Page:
You may recall that back in the day, one of the items on our List of Terrible Things About Reformy Stuff was data mining. Featured in RttT and RttT Lite Waivers, the mandate to hoover up giant mounds of data was one of the great hated evils of reformsterdom, loathed by conservatives and liberals alike.
The Leonie Haimson led a fight against InBloom in New York, and won.
Since then, we've dialed back the data fretting considerably.
That's a mistake. The federal requirements for massive data management have not gone away. None of the advocates for cradle-to-career data tracking have stepped forward to say, "Gee, we now realize that's a horrifying idea that out-Big-Brothers George Orwell." The Data Overlords do not sleep, and a reminder of that comes through Shaina Cavazos at Chalkbeat's Indiana bureau.
Steve Braun would like to use oceans of data to match up students and jobs, and that suits Governor Mike Pence fine-- he's been pushing the connection between education and workforce development since his days as a state representative. He would now like to see a new state office for a data czar created to manage an ocean of K-12 and college data, along with coordinating with an outside company to "identify trends and opportunities."
It's a dopey idea for several reasons.
First, it further enshrines the reformster notion that "education" actually means "job training." It's a small-minded meager vision of education which vastly shortchanges our students in the short term and our culture, country and society in the long term.
Second, it requires a level of prescience not generally associated with government in general or actual human beings in particular. Do you think you can say today, right now, what a six-year-old's career ought to be? Our students will be employed in jobs that don't exist yet. Hell-- in the late 1970s I correctly deduced that computer knowledge would be good to have, so kudos to me-- except that my ground-floor computer training consisted of learning to program in BASIC, so, never mind my kudos.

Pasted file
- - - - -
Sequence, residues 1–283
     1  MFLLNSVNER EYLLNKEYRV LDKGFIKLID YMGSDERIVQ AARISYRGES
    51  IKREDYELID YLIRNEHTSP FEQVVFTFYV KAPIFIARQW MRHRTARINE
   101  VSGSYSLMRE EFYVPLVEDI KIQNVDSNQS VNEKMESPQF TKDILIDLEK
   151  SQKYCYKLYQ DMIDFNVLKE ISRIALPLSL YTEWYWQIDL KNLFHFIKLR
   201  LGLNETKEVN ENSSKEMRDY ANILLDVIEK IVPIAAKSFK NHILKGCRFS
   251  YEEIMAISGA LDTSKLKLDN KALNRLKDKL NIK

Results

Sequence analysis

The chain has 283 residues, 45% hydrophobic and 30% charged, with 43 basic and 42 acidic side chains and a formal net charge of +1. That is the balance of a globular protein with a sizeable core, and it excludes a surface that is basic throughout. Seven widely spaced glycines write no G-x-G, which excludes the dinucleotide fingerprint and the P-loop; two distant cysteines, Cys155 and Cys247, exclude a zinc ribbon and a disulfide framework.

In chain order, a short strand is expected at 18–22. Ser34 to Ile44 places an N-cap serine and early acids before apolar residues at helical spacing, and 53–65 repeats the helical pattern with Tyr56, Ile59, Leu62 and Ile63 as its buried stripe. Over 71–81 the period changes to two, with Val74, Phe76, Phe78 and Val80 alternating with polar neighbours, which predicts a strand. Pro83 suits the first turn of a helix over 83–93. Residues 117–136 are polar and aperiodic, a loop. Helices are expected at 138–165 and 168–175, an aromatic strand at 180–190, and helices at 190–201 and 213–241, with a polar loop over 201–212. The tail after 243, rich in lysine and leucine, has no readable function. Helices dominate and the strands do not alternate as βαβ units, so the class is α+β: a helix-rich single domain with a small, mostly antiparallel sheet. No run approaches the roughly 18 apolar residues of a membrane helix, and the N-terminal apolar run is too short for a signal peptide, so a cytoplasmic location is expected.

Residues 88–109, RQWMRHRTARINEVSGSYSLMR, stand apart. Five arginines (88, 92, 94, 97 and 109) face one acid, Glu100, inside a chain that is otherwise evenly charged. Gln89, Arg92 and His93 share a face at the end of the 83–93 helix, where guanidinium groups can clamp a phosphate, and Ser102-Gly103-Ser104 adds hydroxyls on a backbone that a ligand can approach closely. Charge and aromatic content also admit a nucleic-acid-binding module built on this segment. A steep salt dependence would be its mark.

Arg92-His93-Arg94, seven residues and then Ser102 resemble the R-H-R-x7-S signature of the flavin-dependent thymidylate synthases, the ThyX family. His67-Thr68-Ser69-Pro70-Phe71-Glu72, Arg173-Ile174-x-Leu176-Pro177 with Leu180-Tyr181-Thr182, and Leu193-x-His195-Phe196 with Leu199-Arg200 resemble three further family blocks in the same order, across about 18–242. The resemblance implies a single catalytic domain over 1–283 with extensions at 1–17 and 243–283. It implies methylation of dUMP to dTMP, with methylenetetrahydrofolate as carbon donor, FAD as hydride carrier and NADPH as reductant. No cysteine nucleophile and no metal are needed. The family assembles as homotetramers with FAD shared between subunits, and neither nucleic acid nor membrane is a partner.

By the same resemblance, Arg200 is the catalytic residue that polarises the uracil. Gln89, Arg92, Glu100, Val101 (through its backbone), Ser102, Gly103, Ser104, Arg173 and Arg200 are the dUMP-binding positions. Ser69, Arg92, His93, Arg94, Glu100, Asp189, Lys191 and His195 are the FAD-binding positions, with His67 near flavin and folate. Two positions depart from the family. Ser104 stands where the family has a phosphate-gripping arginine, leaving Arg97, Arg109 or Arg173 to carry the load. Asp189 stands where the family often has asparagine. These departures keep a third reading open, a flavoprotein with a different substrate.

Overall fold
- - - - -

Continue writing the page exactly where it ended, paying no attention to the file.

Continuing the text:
Third, it turns students into fodder for corporate interests. My standard response to "Your school needs to produce more people who are employable as widget twiddlers" is "I'm comfortable preparing 100 students to be widget twiddlers if you're prepared to guarantee that all 100 will have jobs waiting for them at your company when they graduate." But if you want me to produce 100 twiddle ready widgeters so that you can pick the best ten and leave ninety others to twist in the wind, I'd say you are deeply confused about the purpose of public education.
The idea is to collect long-term data from three state agencies — The
Indiana Department of Education, Department of Workforce Development and
Commission on Higher Education — and, hopefully, merge it with data
tracked by private employers. Four other states — Washington, Kentucky,
Oklahoma and Maryland — have similar data systems but none have yet
harnessed the information in the way Indiana envisions.
Of course, one of the most common concerns about the Great Data Mines is privacy. Exactly who will be poking through student records, and how safe will they actually be. But Braun says those concerns "should not come into play." The network will just study trends, not individuals. No word yet on whether or not the network would like to sell you a bridge.
When it’s operational, state officials hope Indiana can use the
network to be a national trailblazer for using data and collaborating
“There is big social and economic value if we do better,” Braun said.
One would hope that some educational value would appear as well.
There's more ridiculousness. Braun says that data is so far just snapshots of the past; he would like to...I don't know? Take snapshots of the future? Is there a TARDIS in this plan? No-- he would like to align educational processes around workforce analytics. Cavazos notes that "thinking of education that way is sometimes hard for teachers." Perhaps in the same way that is hard for doctors to think of medical treatment as only fixing broken legs.
Accountability? Indiana has dopey ideas for that, too.
Braun thinks the Indiana’s forecasting can be good enough that
training kids to assure they get jobs should be more than a goal. It
should be expected. In the future, he said, that state should consider tying data about
how many graduates earn good jobs to its school accountability system.
Super idea. Perhaps we could also link economic performance to jobs for politicians and bureaucrats-- if the employment rate drops too low, governors and their appointees can be automatically ejected from office, and their failures can be noted in their permanent data records as we try to counsel them into new jobs.